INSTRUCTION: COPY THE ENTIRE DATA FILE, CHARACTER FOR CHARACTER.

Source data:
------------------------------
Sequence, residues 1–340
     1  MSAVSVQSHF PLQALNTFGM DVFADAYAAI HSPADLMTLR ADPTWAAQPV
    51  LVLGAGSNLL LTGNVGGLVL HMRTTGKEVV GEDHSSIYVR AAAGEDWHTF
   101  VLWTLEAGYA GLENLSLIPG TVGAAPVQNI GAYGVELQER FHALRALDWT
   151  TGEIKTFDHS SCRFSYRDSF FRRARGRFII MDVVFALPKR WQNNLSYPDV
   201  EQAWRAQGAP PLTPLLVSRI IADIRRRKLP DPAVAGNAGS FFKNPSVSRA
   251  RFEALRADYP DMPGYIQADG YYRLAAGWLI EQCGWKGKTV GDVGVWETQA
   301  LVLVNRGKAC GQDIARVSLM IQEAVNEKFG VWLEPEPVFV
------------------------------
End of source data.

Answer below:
Sequence, residues 1–340
     1  MSAVSVQSHF PLQALNTFGM DVFADAYAAI HSPADLMTLR ADPTWAAQPV
    51  LVLGAGSNLL LTGNVGGLVL HMRTTGKEVV GEDHSSIYVR AAAGEDWHTF
   101  VLWTLEAGYA GLENLSLIPG TVGAAPVQNI GAYGVELQER FHALRALDWT
   151  TGEIKTFDHS SCRFSYRDSF FRRARGRFII MDVVFALPKR WQNNLSYPDV
   201  EQAWRAQGAP PLTPLLVSRI IADIRRRKLP DPAVAGNAGS FFKNPSVSRA
   251  RFEALRADYP DMPGYIQADG YYRLAAGWLI EQCGWKGKTV GDVGVWETQA
   301  LVLVNRGKAC GQDIARVSLM IQEAVNEKFG VWLEPEPVFV